West Side Story

Selected cuttings from the Washington Park Arboretum (October 9 - 22, 2017)

1)   Cedrus atlantica ‘Aurea’

Native to the Atlas Mountains of Morocco and Algeria, C. atlantica ‘Aurea’ is a slow-growing, conical tree with golden yellow foliage. As the tree matures, its needles turn to a greener color.
Atlas cedars can grow to 120 feet in height, but this cultivar tops out at about half that.
A member of the Pinaceae (Pine family), this specimen is located in the north Pinetum near 26th Avenue East and East McGraw Street. 

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Reflections of a Rare Care intern: Wading through head-high nettles and scarifying seeds

Myesa Legendre-Fixx spent the summer as an intern for the Rare Plant Care and Conservation Program (Rare Care). She completed her Bachelor of Science in Biology and Oceanography at UW June 2017.
Working as a Rare Care intern has been a thrilling summer! Over the summer, Ceci and I monitored 17 different plant populations, did 10 seed collections, worked with the US Bureau of Land Management doing rare plant and weed surveys and fire severity assessments of burned areas, improved the seed vault and started almost 500 seeds of Whited’s milk-vetch (Astragalus sinuatus) for an outplanting. 

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September’s Super Days Of Service In The Arboretum

Thanks to spot on planning and recruitment by our partner, Arboretum Foundation, and cooperative PNW weather, two of our biggest community service events during the year were a huge success!
We celebrated United Way Day of Caring on September 15, when 130 volunteers representing 6 companies; Nordstrom, Sonos, Fred Hutch, Google, IMPINJ, Microsoft and Chase Bank, participated in 7 arboretum projects led by UW Botanic Gardens horticulture and Seattle Parks and Recreation staff. 

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Sep 29, 2017 / UW Farm, Plant Profiles / Alice VanderHaak

October 2017 Plant Profile: Apium graveolens var. rapaceum

hand holding Celery Root

UW Farm is now harvesting celeriac, also known as celery root – a great addition to your rotation of fall root foods!

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Reflections of a Rare Care Intern: Learning from agency partners and watching plant babies grow

Cecila Henderson spent the summer as an intern for the Rare Plant Care and Conservation Program (Rare Care). She completed her Bachelor of Science at the UW School of Environmental And Forest Sciences in June 2017.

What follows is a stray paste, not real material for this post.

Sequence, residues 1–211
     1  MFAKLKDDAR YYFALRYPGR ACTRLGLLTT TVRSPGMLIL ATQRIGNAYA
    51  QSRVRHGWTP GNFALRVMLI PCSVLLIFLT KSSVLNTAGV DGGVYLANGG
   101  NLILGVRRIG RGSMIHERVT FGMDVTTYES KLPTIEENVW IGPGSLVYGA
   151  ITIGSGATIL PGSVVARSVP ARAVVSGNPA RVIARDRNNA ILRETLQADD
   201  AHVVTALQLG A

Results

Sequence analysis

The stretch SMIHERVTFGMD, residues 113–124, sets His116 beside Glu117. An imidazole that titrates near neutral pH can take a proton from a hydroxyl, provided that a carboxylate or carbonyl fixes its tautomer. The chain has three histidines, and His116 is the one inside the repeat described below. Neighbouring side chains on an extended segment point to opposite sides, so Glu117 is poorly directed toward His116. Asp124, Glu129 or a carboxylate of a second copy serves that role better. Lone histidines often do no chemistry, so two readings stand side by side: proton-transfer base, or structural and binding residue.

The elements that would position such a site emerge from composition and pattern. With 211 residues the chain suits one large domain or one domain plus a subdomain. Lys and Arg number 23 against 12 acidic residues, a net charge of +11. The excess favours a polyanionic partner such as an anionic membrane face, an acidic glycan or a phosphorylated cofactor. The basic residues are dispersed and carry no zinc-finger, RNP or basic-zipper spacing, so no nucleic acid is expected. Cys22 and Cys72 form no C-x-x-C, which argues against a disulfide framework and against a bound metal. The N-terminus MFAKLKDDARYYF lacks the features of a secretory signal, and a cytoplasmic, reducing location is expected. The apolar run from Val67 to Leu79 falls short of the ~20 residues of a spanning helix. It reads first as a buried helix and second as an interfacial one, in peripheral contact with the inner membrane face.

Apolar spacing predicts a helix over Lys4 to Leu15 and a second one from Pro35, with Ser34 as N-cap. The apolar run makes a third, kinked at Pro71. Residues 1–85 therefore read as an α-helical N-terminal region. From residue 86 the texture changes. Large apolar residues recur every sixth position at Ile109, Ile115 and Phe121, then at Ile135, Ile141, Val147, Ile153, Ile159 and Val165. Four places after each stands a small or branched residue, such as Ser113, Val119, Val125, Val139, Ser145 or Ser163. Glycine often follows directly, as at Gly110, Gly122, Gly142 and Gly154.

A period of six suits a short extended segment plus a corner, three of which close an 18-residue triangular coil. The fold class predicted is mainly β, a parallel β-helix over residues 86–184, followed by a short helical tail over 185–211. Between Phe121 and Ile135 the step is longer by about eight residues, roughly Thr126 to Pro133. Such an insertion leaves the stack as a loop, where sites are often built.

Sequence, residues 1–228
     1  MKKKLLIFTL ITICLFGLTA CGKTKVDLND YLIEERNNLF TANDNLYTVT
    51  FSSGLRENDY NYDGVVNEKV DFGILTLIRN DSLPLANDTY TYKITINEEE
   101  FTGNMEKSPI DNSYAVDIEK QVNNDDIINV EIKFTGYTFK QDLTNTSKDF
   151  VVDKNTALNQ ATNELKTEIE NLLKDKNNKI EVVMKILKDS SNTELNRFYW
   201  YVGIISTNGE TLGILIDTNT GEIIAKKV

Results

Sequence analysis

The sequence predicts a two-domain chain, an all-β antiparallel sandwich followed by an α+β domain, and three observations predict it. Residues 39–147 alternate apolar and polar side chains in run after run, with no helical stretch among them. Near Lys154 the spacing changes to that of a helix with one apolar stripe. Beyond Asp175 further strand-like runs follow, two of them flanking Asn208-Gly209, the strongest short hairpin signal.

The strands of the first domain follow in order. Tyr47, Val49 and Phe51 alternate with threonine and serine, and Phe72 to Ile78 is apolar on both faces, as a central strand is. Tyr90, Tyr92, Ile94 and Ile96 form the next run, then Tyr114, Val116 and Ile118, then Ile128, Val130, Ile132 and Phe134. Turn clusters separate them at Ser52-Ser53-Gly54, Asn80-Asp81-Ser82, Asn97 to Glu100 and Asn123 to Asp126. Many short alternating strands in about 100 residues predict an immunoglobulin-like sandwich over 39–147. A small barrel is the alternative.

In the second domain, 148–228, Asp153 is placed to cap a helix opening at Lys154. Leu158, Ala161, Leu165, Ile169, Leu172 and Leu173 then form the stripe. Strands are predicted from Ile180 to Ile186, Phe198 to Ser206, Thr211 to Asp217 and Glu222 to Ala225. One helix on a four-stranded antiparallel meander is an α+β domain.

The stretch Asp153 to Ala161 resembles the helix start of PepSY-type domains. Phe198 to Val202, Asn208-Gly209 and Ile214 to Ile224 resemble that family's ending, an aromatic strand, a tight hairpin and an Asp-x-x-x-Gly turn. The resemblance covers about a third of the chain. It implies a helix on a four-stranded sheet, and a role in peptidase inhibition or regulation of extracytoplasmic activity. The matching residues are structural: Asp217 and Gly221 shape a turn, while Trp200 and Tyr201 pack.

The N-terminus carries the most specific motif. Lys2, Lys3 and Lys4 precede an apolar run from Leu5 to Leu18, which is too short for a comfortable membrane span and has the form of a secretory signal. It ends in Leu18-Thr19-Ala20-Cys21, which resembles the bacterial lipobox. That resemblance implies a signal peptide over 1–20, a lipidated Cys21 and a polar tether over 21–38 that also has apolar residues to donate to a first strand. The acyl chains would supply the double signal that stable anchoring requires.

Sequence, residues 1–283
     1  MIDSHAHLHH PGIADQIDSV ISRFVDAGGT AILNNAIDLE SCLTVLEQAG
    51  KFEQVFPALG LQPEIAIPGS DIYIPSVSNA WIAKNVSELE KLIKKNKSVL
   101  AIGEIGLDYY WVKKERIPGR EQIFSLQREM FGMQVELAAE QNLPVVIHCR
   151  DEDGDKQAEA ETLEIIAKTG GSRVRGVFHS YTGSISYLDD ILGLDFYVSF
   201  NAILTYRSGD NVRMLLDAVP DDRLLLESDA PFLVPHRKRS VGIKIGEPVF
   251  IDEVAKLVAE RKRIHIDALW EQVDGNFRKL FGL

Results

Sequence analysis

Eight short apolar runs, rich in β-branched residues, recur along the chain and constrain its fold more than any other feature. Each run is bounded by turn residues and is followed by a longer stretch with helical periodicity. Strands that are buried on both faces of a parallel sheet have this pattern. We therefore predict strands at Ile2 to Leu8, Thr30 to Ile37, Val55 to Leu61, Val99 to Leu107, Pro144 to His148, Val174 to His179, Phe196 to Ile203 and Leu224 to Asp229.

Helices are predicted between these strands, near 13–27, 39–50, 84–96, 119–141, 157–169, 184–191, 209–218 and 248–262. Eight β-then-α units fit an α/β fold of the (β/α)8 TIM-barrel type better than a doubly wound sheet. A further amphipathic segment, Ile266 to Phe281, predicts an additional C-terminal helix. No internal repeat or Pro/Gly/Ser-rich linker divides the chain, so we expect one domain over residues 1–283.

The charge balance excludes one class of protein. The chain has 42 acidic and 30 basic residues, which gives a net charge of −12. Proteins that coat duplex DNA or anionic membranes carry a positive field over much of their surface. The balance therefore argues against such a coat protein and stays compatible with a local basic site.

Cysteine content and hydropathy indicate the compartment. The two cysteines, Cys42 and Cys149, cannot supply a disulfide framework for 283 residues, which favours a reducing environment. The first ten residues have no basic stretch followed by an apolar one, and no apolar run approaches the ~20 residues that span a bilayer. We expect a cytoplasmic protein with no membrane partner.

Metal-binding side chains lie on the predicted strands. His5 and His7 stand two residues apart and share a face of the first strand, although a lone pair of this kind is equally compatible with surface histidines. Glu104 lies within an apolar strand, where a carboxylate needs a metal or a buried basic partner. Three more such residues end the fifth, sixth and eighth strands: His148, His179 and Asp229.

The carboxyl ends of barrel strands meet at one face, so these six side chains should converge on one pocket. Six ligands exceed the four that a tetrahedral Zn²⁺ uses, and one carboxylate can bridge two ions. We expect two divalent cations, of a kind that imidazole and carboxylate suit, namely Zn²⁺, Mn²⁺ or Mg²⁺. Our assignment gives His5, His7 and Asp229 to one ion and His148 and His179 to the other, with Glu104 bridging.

This summer I was lucky enough to work with Wendy Gibble as an intern for Rare Care, and I can hardly express my gratitude for what has been an incredibly rewarding experience. 

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John A. Wott Fellowship Awarded to Ryan Garrison

The John A. Wott Botanic Gardens Endowed Fellowship was awarded this fall to Ryan Garrison, a master’s student in the UW School of Environmental and Forest Sciences.
Ryan was born and raised in Jackson, Michigan. His father’s love of plants and nature, and both his parents’ teaching professions set the foundation for a lifetime of growing plants and appreciating the value of learning. 

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Autumn in the Arboretum

The Arboretum is one of the best places in Seattle to enjoy fall color and beautiful foliage. We have more deciduous tree species than any other setting in the northwest…all framed by the majestic conifers that characterize our region of the country.

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Aug 31, 2017 / Plant Profiles / David Zuckerman

September 2017 Plant Profile – Clethra fargesii

When it comes to outstanding summer flowering shrubs for PNW gardens, one should not overlook the genus Clethra. Clethra is a genus of about 75 species, mostly native to south and east Asia and the Americas.  It is one of two genera in the Clethraceae, which is closely related to the Ericaceae (Heather family).  They prefer lime-free soil and produce white, fragrant flowers in long racemes or panicles in July or August. 

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Aug 30, 2017 / History, Washington Park Arboretum, News / John A. Wott, Director Emeritus UW Botanic Gardens

Glimpse into the past – Duck Bay and Shoreline Restoration

Establishing new shoreline

The water level in Lake Washington dropped an average of nine feet in 1916, when the complete set of canals and locks for increased shipping were completed. Much more land around the edges of Union Bay was then exposed, all of it soft and boggy. The City of Seattle had long used the low spots in various parks as dump sites, which is why artifacts are often found in low areas throughout Washington Park Arboretum. 

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Summer Fruit from the Washington Park Arboretum

Close-up photo of the various Magnolia fruit

1)   Corylus colurna                     Turkish Hazel

This native of SE Europe produces edible nuts inside intricately beaked husks.
This Corylus and other Birch Family members can be found near the terminus of Foster Island Road.

2)   Dipteronia sinensis

Dipteronia is a member of the soapberry family, Sapindaceae, which also includes Acer or maples, another winged-fruited genus.
As fall approaches, the fruit of Dipteronia will continue to ripen to a reddish-brown color. 

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